AJ’d won the WWE title a few weeks earlier in Manchester, England, saving us from the spectre of Brock vs. Jinder Mahal. It made for a thunderous atmosphere here as well, but we started out with Brock rattling AJ as he’s always want to do, throwing and punching away at the new champion. It really is men against boys, with the visual of Brock dragging AJ by the head into the corner not helping things. Brock swiftly moves onto German suplexes as Styles almost bounced out of the ring, then got thrown into the German announce table as the one-sided squash continued.
AJ tries to fight back, but he’s easily swept away before finally having a moment of luck as a flurry took Brock into the corner… only for Lesnar to knock him down once more. Second time was the charm as AJ opted for more tactical assaults – a low dropkick and a DDT – to finally knock Brock down. An attempted Asai moonsault nearly goes wrong as Brock caught and slipped backwards, but the recovery takes AJ into a tornado DDT that Lesnar countered with a neckbreaker of sorts.
AJ gets back to his feet first and keeps attacking the downed Lesnar with a Pele kick, but the Phenomenal forearm’s sidestepped and met with a release German suplex, before punching AJ with so much force, Brock sent himself to the outside… where AJ keeps chase, looking to keep him there… but to no avail.
They head back inside, where they continue to trade shots, but still neither man goes for a cover. AJ gets off a springboard 450 as our first pinfall is a two-count, before a series of counters took us from a Styles Clash, to a F5, to a Calf Crusher! Despite leaking sweat, Brock escaped by just pounding AJ’s head into the mat.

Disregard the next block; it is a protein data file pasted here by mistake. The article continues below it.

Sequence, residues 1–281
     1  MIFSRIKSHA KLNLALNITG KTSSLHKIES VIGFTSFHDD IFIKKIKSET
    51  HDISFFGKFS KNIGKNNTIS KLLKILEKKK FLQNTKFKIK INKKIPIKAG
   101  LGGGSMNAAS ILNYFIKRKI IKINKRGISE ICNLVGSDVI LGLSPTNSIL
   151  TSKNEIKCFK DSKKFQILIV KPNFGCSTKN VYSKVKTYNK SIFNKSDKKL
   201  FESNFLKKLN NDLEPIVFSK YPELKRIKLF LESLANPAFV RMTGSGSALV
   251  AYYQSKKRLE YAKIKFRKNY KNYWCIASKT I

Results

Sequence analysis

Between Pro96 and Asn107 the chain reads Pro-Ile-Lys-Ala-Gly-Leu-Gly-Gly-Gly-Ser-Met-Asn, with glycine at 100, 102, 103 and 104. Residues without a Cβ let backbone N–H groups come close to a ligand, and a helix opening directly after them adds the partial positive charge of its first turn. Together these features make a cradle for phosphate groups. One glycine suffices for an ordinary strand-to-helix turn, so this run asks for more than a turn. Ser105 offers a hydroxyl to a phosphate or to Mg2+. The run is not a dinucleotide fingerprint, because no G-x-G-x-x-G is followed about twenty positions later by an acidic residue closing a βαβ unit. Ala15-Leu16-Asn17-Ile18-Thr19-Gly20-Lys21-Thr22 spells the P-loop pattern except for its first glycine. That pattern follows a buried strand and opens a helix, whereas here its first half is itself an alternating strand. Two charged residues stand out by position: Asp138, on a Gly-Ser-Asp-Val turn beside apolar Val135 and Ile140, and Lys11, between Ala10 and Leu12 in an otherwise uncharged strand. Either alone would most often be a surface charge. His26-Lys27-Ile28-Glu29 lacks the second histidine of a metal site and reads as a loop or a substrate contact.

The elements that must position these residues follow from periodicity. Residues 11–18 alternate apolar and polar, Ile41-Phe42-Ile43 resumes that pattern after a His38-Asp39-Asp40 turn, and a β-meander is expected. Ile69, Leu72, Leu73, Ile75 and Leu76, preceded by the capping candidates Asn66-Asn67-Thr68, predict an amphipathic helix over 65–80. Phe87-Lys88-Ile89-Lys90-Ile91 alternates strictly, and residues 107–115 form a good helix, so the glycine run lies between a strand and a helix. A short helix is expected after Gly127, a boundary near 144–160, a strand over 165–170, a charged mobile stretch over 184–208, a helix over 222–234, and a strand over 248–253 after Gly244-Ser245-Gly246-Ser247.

Styles comes back again with a Phenomenal forearm as he escaped another F5… but it’s not enough, and when he tries to add in another one, it’s caught and turned into an F5 as Lesnar ended this wild sprint with the win. Really good stuff here, despite some moments that looked brutal (in both senses of the word!) – perhaps the match of the night, and one that was a million miles away from what the alternative could have been! ****
That wraps up another set of “Odds and Sods” – if there’s anything you think we should take a look at in this little vacuum, hit us up via that Contact form!